Week 4: Losing Another Wedge

I had my four-week post-op check-up today.  Pretty straightforward.  The doctor’s assistant took out another wedge on the boot and removed the bandages that had been placed on my heel after the stitches were taken out.  My first few steps felt a bit tight after having the wedge removed but the rest of the day went well.  I wasn’t sure if I would be able to walk the four blocks to pick up my daughter after school but I was with no pain either.  I made an appointment for two weeks out, at which point, the doc said that I would be going to shoes.  I asked her why there seems to be such differences in post-op philosophies when it comes to achilles tendon ruptures.  Her thought was that doctors do what they are comfortable with and are not likely to change if all their patients seem to recover well.  She said also that foot specialists (such as my doctor who is younger also) may be more familiar with the recent research and more comfortable with this aggressive approach.  It also helps that we don’ t have the ice or other winter hazards that other parts of the country might have.  I could not be happier though as I am mobile and able to do most things (except drive of course).   She also told me that she doesn’t think PT will be necessary since it is pretty basic exercises that I should be able to do on my own.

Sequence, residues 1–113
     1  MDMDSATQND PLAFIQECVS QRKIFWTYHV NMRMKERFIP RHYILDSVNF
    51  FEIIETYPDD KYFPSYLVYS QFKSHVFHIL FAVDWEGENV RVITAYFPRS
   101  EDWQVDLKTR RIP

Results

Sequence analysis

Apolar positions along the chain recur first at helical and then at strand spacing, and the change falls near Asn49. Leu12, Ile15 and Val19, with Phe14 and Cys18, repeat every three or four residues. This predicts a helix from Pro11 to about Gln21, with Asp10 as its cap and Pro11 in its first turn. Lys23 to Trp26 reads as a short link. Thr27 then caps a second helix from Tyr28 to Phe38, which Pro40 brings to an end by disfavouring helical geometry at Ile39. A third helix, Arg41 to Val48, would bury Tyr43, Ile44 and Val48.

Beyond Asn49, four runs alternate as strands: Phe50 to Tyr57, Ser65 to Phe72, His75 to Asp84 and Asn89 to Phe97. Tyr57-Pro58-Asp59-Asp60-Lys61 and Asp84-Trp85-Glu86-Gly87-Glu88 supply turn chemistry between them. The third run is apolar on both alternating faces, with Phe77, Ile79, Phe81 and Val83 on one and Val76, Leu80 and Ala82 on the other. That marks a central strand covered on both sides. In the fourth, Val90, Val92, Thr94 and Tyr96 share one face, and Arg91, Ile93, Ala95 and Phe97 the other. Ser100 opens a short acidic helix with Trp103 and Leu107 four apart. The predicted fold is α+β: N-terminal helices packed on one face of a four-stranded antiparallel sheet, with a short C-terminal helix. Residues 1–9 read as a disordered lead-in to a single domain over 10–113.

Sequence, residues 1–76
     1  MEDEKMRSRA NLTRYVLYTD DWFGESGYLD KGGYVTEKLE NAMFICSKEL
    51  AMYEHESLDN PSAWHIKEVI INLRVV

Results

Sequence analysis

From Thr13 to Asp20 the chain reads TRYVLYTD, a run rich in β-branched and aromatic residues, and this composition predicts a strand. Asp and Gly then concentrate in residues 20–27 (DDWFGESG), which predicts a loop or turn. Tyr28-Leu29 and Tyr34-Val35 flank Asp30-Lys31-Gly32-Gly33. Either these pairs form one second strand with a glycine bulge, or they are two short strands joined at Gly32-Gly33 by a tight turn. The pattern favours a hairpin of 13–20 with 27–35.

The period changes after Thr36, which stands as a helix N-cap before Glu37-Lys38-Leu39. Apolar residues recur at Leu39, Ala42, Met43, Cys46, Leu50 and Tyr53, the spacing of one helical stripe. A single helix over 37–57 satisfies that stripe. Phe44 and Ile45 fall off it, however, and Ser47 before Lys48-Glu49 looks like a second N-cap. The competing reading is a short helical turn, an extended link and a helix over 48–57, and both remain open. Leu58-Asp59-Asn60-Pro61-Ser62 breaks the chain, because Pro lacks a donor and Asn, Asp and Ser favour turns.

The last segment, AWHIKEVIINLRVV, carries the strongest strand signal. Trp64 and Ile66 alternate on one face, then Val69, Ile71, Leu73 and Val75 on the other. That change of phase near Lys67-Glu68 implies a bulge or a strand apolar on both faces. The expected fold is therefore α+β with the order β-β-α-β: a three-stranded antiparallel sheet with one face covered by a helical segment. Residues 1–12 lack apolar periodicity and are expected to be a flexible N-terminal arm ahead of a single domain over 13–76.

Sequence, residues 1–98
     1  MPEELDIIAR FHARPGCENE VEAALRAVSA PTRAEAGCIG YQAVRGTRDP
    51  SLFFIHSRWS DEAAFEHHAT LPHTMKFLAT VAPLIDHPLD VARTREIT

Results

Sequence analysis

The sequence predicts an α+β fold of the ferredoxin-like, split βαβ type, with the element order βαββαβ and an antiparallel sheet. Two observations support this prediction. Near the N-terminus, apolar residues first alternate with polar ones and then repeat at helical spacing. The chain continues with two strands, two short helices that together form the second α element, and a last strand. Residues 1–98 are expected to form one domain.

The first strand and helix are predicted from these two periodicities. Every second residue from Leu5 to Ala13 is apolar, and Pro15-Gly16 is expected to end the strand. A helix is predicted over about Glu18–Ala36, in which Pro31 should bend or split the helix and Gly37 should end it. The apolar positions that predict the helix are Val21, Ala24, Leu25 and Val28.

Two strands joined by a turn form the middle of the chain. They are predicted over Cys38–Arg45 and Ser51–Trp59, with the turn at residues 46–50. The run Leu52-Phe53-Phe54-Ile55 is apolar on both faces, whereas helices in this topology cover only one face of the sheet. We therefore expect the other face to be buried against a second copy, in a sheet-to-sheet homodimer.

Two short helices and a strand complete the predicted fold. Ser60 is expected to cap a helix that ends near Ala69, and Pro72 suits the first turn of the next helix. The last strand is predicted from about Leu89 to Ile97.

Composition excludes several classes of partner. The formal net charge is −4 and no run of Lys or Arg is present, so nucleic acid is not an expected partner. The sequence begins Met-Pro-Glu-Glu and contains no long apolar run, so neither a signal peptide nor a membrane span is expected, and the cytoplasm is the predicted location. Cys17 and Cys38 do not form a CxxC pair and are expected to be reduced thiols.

I thought everyone went through PT.  What has been other folks experience with PT?  Is it necessary or could you do most of it on your own?

One Response to “Week 4: Losing Another Wedge”

  1. no PT sounds interesting to me. I am only 3 weeks post-op and my doc told me that in week 5-7 somewhere PT would start. He is a younger guy i’d guess 37-39 yrs old, seems aggressive (but i am still in a cast) told me that he believes in early weightbearing and early mobilization and that PT is a must for a full recovery. I would double check what she is telling you. Personally I want the PT and I want a trainer that is experienced in ATR just to make sure I am back at 100%. funny enough it was a PT that diagnosed me with the ATR my primary care doc thought it was a sprained ankle till he saw the MRI

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